Given that there are two separate displays on the X90A, one set of controls exists for each. The left display has four buttons: Power, Menu, Plus and Minus, while the right display only has the latter three. These separate controls allow independent configuration of the display settings for people who want to use each screen for a separate task. For example, you might want to apply different settings for viewing a movie on the left display while working on a spreadsheet on the right display.
KYY Triple Portable Monitor Specifications
|Panel Type / Backlight
|IPS / WLED
|Screen Size / Aspect Ratio
|14 inches / 16:9 (2)
|Max Resolution & Refresh Rate
|1920 x 1080 @ 60Hz (2)
|2x USB-C (DisplayPort 1.2 Alt Mode)
Connecting the KYY X90A Triple Portable Monitor
Interestingly, the X90A doesn’t feature an HDMI port, which most portable monitors have. Instead, it only has two USB-C ports. The bottom USB-C port is for power (if your laptop can’t provide the necessary power for the X90A), while the top USB-C port is for connecting to your computer.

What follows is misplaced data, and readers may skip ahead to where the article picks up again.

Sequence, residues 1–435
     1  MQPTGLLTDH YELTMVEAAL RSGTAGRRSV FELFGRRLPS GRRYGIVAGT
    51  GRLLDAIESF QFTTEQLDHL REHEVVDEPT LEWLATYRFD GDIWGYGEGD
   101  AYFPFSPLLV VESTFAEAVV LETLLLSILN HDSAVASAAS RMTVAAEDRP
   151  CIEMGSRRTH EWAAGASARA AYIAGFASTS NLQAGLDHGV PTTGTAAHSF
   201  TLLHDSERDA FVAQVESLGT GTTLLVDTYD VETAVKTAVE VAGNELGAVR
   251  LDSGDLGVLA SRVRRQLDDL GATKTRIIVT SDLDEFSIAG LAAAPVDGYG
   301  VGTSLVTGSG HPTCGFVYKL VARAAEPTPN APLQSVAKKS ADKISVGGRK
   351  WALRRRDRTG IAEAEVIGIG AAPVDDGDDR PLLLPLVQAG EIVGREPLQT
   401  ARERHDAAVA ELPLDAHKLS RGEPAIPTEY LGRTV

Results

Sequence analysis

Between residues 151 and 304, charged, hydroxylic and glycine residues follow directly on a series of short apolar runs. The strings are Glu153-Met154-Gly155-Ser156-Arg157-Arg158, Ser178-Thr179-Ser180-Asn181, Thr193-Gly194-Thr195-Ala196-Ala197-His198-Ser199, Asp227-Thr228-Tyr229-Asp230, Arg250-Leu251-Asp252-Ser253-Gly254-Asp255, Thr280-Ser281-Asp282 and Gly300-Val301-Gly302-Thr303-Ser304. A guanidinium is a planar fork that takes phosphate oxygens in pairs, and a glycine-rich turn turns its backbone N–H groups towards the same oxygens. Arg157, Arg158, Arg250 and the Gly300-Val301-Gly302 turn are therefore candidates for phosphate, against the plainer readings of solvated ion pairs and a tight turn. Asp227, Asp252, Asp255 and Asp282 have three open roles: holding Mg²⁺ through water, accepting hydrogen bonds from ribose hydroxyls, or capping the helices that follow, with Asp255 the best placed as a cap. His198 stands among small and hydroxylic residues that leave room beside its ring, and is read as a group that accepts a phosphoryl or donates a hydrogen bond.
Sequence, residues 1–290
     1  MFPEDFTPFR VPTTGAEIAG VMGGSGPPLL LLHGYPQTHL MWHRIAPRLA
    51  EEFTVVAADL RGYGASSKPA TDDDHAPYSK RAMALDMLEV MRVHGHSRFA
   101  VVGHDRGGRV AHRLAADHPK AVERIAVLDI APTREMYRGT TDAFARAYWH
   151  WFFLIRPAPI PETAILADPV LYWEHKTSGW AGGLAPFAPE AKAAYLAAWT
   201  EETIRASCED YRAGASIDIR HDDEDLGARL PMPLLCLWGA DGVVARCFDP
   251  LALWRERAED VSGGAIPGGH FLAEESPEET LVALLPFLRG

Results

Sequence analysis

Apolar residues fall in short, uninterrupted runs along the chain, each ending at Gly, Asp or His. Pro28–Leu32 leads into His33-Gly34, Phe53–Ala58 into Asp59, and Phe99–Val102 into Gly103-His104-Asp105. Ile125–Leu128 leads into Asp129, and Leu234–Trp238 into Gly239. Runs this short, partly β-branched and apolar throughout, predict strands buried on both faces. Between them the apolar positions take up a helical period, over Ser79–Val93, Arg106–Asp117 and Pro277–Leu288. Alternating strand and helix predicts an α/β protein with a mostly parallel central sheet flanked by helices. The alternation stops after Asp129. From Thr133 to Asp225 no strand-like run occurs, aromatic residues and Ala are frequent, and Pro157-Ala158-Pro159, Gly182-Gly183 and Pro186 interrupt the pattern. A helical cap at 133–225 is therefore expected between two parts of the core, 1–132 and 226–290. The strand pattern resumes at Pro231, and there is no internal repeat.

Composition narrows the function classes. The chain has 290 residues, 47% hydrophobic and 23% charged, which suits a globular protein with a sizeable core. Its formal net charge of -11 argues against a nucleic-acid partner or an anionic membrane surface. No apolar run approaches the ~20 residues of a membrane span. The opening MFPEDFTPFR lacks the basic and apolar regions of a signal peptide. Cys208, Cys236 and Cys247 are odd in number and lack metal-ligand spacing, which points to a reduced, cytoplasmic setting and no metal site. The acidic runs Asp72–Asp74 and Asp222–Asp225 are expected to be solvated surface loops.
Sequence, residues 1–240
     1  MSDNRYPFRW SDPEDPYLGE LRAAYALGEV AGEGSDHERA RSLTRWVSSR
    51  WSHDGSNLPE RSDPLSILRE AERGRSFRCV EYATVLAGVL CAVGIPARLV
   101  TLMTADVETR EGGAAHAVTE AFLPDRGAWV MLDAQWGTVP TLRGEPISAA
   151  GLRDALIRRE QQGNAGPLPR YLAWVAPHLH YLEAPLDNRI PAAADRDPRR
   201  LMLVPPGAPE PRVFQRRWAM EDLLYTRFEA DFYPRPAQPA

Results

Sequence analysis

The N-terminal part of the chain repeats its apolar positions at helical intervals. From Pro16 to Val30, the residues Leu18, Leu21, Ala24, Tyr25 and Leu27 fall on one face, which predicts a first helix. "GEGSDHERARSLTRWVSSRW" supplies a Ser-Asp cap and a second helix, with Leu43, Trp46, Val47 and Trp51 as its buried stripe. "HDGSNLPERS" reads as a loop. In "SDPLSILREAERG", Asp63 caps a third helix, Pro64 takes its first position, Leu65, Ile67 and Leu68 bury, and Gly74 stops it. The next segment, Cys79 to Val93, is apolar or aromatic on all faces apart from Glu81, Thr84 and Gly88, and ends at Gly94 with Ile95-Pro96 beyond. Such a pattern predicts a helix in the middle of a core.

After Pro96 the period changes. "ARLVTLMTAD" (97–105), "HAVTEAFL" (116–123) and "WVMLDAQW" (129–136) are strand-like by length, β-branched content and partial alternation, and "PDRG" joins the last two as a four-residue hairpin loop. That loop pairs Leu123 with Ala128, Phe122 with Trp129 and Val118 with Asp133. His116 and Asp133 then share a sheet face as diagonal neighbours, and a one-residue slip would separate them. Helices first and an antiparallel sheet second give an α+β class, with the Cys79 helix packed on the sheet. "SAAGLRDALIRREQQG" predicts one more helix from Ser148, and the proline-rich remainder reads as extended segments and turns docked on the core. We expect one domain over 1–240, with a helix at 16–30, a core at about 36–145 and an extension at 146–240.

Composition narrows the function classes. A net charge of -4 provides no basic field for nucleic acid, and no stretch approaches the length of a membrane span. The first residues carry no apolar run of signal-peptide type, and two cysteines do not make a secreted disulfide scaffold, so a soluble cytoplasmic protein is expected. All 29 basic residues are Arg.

While the USB-C requirement isn’t much of a concern for modern laptops, it would have been nice to see an HDMI port so it could work with Raspberry Pi boards, consoles and older computers. . You also won’t find a 3.5mm headphone jack or integrated headphones, as seen on other portable monitors in this price class.
My home office setup features dual 27-inch 4K monitors mounted side-by-side. So, I felt right at home with the extra displays flanking the Swift Edge 16, providing two 14-inch Full HD (1920 x 1080) panels to augment the laptop's primary 16-inch 3200 x 2000 display in Extended mode.
Portrait mode involves folding/stowing one of the displays and using the central spine as a hinged base for the remaining display. You can, of course, use Portrait mode on either side of the laptop. Presentation mode involves folding both displays backward until they come to a point. That way, two people sitting in front of your laptop can view content mirrored from your laptop’s display. Finally, there is the Second Screen mode. This mode is similar to the Extended mode, except one of the displays is stowed. This mode might be helpful if you have limited space to accommodate both displays in Extended mode.